posted by David Adams on Wed 24th May 2006 04:08 UTC
IconIt's conventional wisdom that computers need to be "easier to use." But do they? More reliable, yes. Easier to troubleshoot, yes. But now that so many people use computers so much, I think there's something to be said for making them less easy-to-use and less intuitive.

Whether complaining about a widely used operating system like Microsoft Windows or criticizing an up-and-comer like Linux, people have claimed for ages that computers need to be easier to use. As a blanket statement, this is certainly true. However, what does this simple statement actually mean in real-world application? When people complain about ease of use, they often rehash some stupid scenario involving an abject computer novice. Certainly, this type of person, the same one who'd be likely to use the CD-ROM tray for a coffee cup holder or put White-out on the screen, does exist in this world, and the ease of use problems in today's computers certainly flummox them, but will the computing world truly be served by catering to their needs at the expense of everyday computer users?

You can certainly categorize today's computer users into several broad categories, ranging from incompetent and lost to absolute mastery. But however you slice it, there is a significant portion of the user population that has a high degree of familiarity with their machines and installed software. For these people, unless there's some sort of malfunction (unfortunately, all too common) they're fully at ease with everyday computing. For these people, their computers shouldn't be easier to use. In fact, many of the features designed to make their computers more accessible to a neophyte are actually holding them back from higher productivity and sometimes being quite annoying in the process.

If you believe that power users want simplicity, look at the average TV remote control. In the early days, remote controls had just a few buttons. The earliest only changed channels. As people have become more acquainted with their TVs and attached VCRs, DVDs, and home theater systems, they've demanded more power and convenience. Today's remotes have as many as 60 buttons. Some now have reconfigurable LCD panels. Sure, some of these remotes are poorly designed, and the worst of them are truly mind boggling. But Joe Sixpack, a proficient TV user, can usually become so acquainted with his complicated TV remote that he can operate even the most complex series of tasks simply by touch. Would Mr. Sixpack want to see an industry-wide resurgence of the two button TV remote control and go back to getting out of his chair to change surround sound settings? No. But modern remotes are too complicated for people who have never used a TV before! We must cater to them! Doesn't the argument sound stupid in that context?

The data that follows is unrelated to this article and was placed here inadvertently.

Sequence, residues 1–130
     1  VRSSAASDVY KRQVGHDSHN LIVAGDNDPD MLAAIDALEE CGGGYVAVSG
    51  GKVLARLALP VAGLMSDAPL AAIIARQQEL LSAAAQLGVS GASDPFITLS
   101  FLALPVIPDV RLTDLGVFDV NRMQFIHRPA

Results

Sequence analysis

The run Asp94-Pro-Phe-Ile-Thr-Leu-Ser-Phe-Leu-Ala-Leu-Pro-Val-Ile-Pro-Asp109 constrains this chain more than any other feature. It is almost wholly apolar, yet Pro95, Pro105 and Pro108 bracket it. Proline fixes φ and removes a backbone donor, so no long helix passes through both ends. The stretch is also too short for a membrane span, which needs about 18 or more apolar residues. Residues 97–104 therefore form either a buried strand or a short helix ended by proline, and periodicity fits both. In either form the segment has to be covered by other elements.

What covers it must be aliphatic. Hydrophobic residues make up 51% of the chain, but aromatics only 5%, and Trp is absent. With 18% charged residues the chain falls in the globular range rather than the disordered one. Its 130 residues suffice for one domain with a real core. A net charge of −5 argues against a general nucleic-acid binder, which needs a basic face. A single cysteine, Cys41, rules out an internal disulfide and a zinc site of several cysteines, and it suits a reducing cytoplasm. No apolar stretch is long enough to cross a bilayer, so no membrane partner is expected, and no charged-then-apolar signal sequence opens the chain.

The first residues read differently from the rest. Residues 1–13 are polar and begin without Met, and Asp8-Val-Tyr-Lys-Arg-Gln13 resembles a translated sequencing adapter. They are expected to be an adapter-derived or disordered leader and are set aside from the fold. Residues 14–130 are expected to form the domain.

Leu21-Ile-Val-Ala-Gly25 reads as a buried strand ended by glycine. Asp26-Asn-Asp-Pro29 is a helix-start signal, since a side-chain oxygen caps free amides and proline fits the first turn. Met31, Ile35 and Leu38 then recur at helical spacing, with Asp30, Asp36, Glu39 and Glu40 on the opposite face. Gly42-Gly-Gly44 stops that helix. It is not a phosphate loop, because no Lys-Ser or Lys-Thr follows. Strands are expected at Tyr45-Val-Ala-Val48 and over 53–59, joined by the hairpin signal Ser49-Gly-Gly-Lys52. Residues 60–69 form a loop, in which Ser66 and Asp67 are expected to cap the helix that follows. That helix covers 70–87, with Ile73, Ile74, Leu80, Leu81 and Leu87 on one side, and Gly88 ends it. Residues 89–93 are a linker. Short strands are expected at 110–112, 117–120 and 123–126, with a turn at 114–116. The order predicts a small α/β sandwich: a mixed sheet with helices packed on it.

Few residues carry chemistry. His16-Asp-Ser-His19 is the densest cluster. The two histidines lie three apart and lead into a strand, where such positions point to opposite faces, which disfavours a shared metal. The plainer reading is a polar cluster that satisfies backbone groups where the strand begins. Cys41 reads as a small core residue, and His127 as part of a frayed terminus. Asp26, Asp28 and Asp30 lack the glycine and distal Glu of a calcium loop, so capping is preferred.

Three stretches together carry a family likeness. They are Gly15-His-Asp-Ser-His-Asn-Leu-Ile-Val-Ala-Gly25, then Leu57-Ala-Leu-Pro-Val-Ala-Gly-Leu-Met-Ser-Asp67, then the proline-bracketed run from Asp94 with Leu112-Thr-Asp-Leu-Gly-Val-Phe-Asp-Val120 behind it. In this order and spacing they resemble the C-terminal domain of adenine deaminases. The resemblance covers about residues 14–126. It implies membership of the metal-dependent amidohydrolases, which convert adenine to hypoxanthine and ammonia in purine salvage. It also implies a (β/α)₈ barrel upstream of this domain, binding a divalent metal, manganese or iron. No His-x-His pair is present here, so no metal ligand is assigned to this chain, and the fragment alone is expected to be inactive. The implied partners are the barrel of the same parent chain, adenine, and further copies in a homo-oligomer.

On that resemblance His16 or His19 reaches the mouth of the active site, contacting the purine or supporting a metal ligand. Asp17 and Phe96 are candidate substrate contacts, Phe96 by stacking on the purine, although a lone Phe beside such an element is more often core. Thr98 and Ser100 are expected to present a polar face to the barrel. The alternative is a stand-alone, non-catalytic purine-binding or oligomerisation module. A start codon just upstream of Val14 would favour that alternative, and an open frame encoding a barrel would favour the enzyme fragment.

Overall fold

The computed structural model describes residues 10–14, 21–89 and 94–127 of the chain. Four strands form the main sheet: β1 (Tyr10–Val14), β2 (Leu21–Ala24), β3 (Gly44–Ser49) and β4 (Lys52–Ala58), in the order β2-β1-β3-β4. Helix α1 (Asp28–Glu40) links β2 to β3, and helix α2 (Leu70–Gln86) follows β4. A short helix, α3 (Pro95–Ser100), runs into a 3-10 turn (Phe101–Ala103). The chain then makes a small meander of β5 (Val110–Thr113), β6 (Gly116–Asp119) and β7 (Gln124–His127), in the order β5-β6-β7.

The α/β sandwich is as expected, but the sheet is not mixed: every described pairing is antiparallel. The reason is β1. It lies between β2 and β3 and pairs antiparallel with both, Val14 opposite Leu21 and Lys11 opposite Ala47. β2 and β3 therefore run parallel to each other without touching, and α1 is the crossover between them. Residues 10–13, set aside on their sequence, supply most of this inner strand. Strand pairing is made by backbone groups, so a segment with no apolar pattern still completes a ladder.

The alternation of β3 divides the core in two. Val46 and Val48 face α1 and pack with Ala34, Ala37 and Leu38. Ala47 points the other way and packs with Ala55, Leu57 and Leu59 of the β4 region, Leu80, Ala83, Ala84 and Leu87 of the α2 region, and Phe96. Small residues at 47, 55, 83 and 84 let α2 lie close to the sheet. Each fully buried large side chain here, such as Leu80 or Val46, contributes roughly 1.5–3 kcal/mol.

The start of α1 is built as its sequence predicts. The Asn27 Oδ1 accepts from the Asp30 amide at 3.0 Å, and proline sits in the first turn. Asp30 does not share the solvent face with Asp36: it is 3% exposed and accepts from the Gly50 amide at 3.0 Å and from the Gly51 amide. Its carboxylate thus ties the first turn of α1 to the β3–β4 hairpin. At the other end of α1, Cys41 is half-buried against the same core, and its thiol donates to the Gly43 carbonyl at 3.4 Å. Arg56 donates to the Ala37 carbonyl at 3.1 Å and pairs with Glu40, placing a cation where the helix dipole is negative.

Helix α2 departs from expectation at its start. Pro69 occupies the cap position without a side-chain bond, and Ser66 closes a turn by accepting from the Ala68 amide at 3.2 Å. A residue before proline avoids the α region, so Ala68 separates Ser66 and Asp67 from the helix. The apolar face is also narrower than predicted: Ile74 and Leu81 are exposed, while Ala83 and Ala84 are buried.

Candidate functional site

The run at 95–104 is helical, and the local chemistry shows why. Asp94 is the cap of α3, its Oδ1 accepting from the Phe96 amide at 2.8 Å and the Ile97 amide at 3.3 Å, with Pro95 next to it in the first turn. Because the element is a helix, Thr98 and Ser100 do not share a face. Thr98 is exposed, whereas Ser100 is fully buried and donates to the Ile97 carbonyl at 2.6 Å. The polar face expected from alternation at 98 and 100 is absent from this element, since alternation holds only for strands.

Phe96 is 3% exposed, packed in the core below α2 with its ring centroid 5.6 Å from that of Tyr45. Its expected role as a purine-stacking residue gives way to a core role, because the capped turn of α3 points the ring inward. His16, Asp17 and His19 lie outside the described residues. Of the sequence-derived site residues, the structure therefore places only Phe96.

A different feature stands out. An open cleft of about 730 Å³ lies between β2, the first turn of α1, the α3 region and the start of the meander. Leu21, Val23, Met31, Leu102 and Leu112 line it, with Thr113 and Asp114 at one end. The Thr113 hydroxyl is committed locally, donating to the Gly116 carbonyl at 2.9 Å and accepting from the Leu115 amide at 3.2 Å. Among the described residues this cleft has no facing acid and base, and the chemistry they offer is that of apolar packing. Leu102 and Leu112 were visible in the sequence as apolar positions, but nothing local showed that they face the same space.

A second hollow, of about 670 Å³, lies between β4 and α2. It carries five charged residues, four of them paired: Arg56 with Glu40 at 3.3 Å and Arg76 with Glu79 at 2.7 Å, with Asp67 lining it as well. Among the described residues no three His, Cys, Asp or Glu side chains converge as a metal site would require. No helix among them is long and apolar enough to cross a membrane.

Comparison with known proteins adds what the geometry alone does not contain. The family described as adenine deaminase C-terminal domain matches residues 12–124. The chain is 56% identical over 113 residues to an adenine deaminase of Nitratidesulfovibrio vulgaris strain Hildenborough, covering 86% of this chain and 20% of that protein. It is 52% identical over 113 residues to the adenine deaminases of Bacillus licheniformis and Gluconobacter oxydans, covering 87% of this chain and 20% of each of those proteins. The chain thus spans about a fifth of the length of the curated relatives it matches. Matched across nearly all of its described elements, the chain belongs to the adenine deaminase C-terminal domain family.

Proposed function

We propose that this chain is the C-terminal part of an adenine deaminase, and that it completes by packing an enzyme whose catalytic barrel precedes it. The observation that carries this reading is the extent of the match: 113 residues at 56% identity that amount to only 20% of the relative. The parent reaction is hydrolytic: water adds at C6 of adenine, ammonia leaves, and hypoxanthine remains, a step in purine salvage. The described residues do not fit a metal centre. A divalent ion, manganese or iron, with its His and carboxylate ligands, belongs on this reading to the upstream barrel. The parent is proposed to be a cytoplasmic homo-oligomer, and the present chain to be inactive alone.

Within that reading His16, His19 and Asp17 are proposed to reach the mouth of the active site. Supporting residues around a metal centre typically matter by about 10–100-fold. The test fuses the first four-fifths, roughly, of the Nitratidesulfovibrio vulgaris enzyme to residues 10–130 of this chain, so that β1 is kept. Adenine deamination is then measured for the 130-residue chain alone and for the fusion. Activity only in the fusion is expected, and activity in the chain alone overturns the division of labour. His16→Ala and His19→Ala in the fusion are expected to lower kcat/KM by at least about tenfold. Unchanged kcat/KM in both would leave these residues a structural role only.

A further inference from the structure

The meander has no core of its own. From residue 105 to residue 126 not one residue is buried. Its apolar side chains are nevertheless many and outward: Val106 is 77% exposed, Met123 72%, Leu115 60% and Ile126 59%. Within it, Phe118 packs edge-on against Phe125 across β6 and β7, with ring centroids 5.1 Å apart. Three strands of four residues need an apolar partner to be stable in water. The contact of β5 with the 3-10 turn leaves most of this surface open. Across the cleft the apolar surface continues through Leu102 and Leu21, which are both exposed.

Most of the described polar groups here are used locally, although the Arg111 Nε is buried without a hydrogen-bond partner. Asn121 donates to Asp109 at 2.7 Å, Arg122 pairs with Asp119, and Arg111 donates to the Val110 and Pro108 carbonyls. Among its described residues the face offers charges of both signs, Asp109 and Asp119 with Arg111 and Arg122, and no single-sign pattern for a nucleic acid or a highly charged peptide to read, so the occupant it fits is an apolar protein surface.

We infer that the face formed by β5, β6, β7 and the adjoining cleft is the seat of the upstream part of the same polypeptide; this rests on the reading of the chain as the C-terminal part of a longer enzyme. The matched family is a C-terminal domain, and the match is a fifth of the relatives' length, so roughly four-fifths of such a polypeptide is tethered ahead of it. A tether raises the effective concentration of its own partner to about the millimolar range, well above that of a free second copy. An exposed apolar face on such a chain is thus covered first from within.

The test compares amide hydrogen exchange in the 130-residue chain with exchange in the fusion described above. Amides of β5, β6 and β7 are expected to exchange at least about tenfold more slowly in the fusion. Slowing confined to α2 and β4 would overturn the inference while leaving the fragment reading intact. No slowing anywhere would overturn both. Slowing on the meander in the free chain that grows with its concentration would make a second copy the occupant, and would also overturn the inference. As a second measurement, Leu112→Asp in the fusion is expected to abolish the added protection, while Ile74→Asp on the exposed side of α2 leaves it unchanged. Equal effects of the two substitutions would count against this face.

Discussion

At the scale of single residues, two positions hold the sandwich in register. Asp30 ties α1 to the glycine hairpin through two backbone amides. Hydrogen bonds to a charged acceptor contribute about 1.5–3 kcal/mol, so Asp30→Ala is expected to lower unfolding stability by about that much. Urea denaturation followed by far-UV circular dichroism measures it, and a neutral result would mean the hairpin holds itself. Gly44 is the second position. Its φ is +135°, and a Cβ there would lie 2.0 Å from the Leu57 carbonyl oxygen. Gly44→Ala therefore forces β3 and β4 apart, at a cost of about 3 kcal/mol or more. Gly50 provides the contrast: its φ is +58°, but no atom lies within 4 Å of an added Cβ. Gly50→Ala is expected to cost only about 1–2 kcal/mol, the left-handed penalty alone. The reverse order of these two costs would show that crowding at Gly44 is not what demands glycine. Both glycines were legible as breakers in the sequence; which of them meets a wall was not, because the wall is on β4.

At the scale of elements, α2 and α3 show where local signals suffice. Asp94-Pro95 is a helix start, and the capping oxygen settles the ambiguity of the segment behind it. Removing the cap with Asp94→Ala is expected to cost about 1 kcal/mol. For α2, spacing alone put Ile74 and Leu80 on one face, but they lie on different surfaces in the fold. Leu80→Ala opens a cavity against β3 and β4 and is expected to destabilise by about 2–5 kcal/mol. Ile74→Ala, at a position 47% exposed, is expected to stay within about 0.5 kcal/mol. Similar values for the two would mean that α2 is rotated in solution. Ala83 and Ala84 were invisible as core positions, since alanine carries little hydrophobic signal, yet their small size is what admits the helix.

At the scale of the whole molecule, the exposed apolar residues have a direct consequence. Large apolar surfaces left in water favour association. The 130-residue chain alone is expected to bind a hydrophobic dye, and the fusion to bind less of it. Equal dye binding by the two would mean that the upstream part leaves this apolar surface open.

The real problem is not that today's computers are too hard for novice computer users, but that they all have inherent problems that make them burdensome for even the most experienced users. Just because a power user might be able to eventually narrow down a persistent stability problem to defective RAM (with few clues) does not mean that power users want to have to spend three days playing Sherlock Holmes just to get their computer working properly. Just because I am capable of making regular backups to removable media or to an off-site server, and am capable of doing a recovery in the case of a catastrophic data loss does not mean that I want to, or think I should have to.

Table of contents
  1. "Page 1/4"
  2. "Page 2/4"
  3. "Page 3/4"
  4. "Page 4/4"
e p (12)    44 Comment(s)

Technology White Papers

See More